On coin toss, the Patriots prefer to defer

By Michael Whitmer
Globe Staff / January 8, 2012
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FOXBOROUGH - Sept. 7, 2008, isn’t the most painful day in Patriots history - the Super Bowl loss to the Giants seven months earlier wins that debate - but quarterback Tom Brady might disagree. Brady’s season ended that afternoon when Kansas City’s Bernard Pollard crashed into his left knee, the injury coming on the second offensive series of the year.

But 09/07/08 is noteworthy for another reason, one that even diehard Patriots statniks might not know about. It’s the last time the Patriots won the coin toss and elected to receive the football.

Since that day, the Patriots have played 65 games, playoffs included, and won the coin toss 28 times. All 28 times, they’ve elected to defer their choice to the second half, and started the game by kicking off.

Is it purely coincidental that the last time the Patriots won the toss and took the ball, their Hall of Fame-bound quarterback suffered a season-ending knee injury? Or are there subtle superstitions involved?

“I don’t know, you’re asking the wrong guy. I don’t think so,’’ said Matthew Slater, the special teams captain who joins fellow captains Vince Wilfork, Jerod Mayo, and Devin McCourty at midfield for the toss. (Brady is also a captain, but seldom participates.) “I guess Coach has just gotten comfortable with that. It is pretty much standard procedure at this point.’’

Bill Belichick, despite the numbers that may suggest otherwise, says the decision to kick or receive, should his team win the toss, is not set in stone. “We discuss that every week,’’ he said. “If we win the toss, if we lose the toss, what the wind is going to be, whatever the conditions are. We talk about it before every game.’’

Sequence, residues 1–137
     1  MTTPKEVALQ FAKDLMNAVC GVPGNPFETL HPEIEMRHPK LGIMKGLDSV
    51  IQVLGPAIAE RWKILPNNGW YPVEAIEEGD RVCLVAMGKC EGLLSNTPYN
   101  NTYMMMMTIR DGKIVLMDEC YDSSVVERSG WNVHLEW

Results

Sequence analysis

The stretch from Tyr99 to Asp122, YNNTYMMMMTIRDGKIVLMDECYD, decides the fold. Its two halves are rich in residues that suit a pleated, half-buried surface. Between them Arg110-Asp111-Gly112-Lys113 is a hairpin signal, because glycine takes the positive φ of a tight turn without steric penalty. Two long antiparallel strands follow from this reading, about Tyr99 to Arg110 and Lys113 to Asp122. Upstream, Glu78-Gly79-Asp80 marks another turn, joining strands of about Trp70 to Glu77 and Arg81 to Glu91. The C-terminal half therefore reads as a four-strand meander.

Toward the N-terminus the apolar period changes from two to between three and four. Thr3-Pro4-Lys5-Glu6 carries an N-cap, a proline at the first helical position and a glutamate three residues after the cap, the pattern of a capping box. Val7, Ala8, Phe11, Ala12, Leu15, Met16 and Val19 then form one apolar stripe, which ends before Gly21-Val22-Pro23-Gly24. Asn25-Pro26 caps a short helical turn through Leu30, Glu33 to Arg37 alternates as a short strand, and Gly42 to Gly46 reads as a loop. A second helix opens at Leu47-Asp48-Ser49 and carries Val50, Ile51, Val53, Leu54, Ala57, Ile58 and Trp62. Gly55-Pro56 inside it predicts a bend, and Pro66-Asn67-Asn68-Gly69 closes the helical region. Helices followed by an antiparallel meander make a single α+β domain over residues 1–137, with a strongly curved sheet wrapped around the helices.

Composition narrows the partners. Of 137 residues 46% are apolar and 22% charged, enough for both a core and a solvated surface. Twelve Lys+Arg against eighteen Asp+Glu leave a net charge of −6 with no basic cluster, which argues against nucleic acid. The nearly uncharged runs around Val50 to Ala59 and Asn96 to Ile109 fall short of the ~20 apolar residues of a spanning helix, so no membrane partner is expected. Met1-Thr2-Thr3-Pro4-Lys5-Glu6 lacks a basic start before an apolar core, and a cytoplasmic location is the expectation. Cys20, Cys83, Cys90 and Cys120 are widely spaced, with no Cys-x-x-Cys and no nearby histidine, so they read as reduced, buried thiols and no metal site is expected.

So it’s a game-by-game decision? It’s not that you’ll always defer? “That’s right,’’ Belichick said.

Well, OK.

Beginning the game with the Patriots kicking off isn’t only the result of New England winning the toss and electing to defer, especially this season. Patriots opponents won the toss in nine games. On eight of those nine occasions, the opponent elected to receive. Only Buffalo, in a Week 3 home win, won the toss and chose to kick off to the Patriots.

Because of the Patriots’ high-powered offense, it’s understandable why opponents would be reluctant to send Brady & Co. onto the field to begin the game. One of the best ways to slow a potent offense, the popular theory goes, is by keeping it off the field.

Opponents also might want the ball first in hopes that they’ll take advantage of the Patriots’ 31st-ranked defense and put New England in an early hole. Of the 15 games this season in which the Patriots kicked off, opponents scored on their first possession seven times (five touchdowns, two field goals).

It’s been an alarming trend, with the Patriots’ last three opponents all scoring on the opening drive: Denver scored a touchdown, Miami kicked a field goal, and Buffalo scored a touchdown. Those were the first steps in each team building early leads; the Broncos were up, 16-7, the Dolphins had a 17-0 halftime lead, and the Bills raced to a 21-0 first-quarter advantage.